Background Switcher (Hidden)

To Honduras!

Thursday, March 31, 2011

This has been very interesting, being without my computer for a week. I have two computers to work on, but they are old and range from rather to extremely slow, and the stuff they have on them is my stuff, but it is more than two years old. And in today's fast-flowing information world two-year-old stuff is like prehistory.

So when my laptop took an unexpected bath and went black, it took all my photos and blog files with it. And only Wednesday afternoon was I able to send it to Apple, and here it is Thursday and you are hoping for a post.

I had two major articles to produce this week, and one of them was about birding and travel in Honduras. So with great trepidation I hooked up my external hard drive to my old desk computer and began to drag more than 2,000 photos around where I could see them. It took three hours for the thumbnails to load so I could see what I had, then about ten to twenty seconds for each one I selected to open. Two days later, I had my best photos selected for the article. All the while I was waiting to see my stuff (which I could have seen instantly on my laptop, had it not been dead as a donut), I was writing the article and sidebar.

And I thought, well, maybe this is a sign from the cosmos that I should do some long-overdue blogging about that trip to Honduras in February 2009. (I can hear Tim Ryan squeeing from here). It's going to be interesting, blogging about a trip that happened that long ago. Maybe the mists of time will refine my observations, cook them down like fine brandy. Maybe I won't remember squat. The browser on this machine is so old that it doesn't support "Compose" mode, so I can't even see my photos before they post. So I'll have to put them in in html code, one at a time. And that is awesome.

The man in olive drab in the foreground talking to peerless Yucatanense guide David Bacab in yellow is the energetic, talented and thoroughly delightful Corey Finger of 10,000 Birds blog. What a gas to be with him on his first foray to the Neotropics! I am all about enthusiasm, and Corey bubbles over with it. He nearly hurts himself trying to see everything all at once. We're all standing around on the balcony of Hotel Las Glorias on beautiful Lake Yojoa in east-central Honduras, having made our way from all over the world to be here. It's POURING. So we're subjecting our laptops to extreme humidity, something I seem to be bound to do over and over again in my super-saturated life. And hoping it lets up enough to let us see a frickin' oriole already. Well, eventually it did.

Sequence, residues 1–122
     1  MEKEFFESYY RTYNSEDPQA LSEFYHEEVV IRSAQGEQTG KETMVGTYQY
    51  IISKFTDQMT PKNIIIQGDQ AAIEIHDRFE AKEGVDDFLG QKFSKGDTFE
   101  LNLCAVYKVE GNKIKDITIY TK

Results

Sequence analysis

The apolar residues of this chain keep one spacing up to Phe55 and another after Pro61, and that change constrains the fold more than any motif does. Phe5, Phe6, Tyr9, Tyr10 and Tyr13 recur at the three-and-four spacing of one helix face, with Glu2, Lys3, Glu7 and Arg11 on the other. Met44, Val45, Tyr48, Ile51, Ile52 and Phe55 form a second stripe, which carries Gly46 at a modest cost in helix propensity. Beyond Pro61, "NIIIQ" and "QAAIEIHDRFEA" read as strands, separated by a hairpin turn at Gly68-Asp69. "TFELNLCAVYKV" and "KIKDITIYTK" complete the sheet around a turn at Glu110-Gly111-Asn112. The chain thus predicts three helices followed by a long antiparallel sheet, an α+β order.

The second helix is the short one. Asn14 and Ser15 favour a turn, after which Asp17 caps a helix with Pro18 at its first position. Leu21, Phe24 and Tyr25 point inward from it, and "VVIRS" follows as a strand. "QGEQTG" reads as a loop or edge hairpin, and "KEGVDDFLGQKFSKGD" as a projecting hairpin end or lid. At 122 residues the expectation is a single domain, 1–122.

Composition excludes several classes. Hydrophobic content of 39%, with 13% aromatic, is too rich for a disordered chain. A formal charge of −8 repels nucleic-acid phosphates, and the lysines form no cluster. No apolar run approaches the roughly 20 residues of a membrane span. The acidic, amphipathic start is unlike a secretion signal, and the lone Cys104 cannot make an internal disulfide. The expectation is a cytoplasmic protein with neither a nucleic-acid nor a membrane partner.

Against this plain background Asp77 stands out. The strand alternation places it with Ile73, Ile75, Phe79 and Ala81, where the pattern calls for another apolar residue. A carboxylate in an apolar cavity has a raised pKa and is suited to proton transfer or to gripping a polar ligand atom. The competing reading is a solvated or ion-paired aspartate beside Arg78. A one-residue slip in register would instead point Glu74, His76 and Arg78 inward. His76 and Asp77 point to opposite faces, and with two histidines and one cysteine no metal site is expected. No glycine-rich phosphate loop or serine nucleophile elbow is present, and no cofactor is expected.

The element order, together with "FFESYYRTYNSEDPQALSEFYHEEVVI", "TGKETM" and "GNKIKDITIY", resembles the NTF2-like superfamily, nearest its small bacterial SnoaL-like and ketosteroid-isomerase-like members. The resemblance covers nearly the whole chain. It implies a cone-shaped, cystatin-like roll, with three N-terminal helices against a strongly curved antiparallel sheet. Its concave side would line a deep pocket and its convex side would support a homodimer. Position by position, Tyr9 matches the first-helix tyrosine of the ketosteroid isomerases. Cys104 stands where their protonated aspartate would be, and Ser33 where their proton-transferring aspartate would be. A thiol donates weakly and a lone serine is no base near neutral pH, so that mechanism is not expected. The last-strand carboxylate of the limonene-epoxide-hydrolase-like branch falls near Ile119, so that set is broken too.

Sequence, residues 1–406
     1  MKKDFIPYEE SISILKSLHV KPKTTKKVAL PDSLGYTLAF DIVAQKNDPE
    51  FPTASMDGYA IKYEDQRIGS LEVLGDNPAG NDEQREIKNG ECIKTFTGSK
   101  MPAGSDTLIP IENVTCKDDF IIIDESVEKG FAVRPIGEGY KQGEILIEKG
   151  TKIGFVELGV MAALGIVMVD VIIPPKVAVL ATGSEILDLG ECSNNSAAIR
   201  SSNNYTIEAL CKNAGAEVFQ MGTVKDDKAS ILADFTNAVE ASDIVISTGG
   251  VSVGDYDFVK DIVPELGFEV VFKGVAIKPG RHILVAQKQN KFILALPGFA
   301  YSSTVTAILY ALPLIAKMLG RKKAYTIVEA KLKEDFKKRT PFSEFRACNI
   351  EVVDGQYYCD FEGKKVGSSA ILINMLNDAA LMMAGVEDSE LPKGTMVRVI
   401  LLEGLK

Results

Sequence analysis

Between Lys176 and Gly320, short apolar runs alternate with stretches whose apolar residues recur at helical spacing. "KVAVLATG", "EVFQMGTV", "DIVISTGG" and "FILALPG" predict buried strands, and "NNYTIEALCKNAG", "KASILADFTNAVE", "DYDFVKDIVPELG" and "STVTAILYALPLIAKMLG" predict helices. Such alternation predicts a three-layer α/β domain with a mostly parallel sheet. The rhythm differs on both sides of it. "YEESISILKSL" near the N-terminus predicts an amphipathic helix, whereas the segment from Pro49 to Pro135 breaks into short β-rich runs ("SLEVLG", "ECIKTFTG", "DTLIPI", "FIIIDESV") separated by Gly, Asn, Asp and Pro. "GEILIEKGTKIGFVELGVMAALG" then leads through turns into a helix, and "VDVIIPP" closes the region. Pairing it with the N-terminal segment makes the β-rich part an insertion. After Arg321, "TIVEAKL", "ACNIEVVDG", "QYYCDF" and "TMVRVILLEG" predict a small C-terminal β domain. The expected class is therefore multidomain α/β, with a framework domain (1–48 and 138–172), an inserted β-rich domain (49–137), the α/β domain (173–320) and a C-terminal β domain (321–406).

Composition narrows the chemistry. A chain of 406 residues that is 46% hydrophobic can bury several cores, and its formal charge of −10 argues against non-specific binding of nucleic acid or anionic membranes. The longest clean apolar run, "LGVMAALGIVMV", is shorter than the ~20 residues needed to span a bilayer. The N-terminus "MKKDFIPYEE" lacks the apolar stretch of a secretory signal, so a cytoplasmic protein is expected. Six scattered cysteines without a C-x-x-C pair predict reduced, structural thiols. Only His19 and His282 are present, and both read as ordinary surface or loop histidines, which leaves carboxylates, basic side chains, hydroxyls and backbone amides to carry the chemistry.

I have to warn you that I was in extreme turista mode the whole trip, taking pictures of every little thing that amused me. Like this peeing sombrero-totin' plaster putti (or maybe the singular is putto?) at Hotel Las Glorias. I'm sorry, but in America, we would describe this sculpture as "icky." But we're not in America.

Eventually it cleared enough for me to be outside my room, which looked pretty awesome from the outside, but was tres basique inside. That's OK. The only time I spent there in my twin bed under the single naked 40-watt light bulb was when I was dead to the world. There was so much to discover!

The food was good at Hotel Las Glorious, though I must admit this dish, a whole deep-fried tilapia, was a little off-putting even to a carnivore like me. I kept thinking of Shila, who won't eat "anything with a face." Well. When in Honduras...

After the hard, snowy winter of 2008-2009, the colors in Honduras literally stung my eyes. Good Lord!

I couldn't get enough of the view of Lake Yojoa. And in the reeds along the edge were wattled jacanas, green herons, little blue and tri-colored herons, blue-winged teal, hidden rails, common was just seething with life. I saw an otter, too!

One of the very cool things about this familiarization trip was the inclusion of one Robert Ridgely, author of Birds of Panama, a book I practically memorized as a college student, and now author of the multi-volume Birds of South America. Lord. He's a lovely man, on top of all that encyclopedic knowledge of birds of Latin America, and he was trying hard to lure some kinda crake (Ruddy?) out of the reeds for me, but all I baggged was a nice conversation and this shot of him, albeit a little cock-eyed. I'd straighten it, but I can't on this computer...blaaa, whatever. Onward.It was very cool to finally be able to tell Bob what his work has meant to me.

Bob Ridgely in paradise. How do you like them bougainvilleas? Sight for tired eyes, no? I can foresee a day when I might snap and suddenly need to live somewhere I can grow a 15' high bougainvillea in my yard. As the cold, rainy 40-degree weather drags on here in Ohio for yet another week, it's nice to make a little escape to Honduras. Why not?


Hey, that's me! No, not the little peeing statue...

I am squeeing as much as Tim is at the idea of you FINALLY blogging Honduras.

I wonder why the piece about the dog shows up when I try to "share" the article about HONDURAS on my Facebook Page?

Thanks for blogging despite the impediments. Hope you get a pulse of southern air to bring spring on in those parts. And then please send it on this way...

Nick, from Ottawa

Posted by Anonymous March 31, 2011 at 7:07 AM


Corey, I have worse photos of you than that. And, just for shouting FINALLY at me, I will post one later.

Al, I have no idea. Perhaps Chet Baker has hacked your account. I assume he's the dog you refer to. I checked to make sure and was able to share it without a problem. Maybe try again?

Nick, we have nothing nice to send you yet. Phoo it's awful here.

TR, I love making a man squee!

Thanks for this sample of the tropics on a day when we're waiting to see whether we get snow, sleet or slush overnight here in CT. I love Bouganvillia.


Posted by Anonymous June 13, 2011 at 2:05 AM
[Back to Top]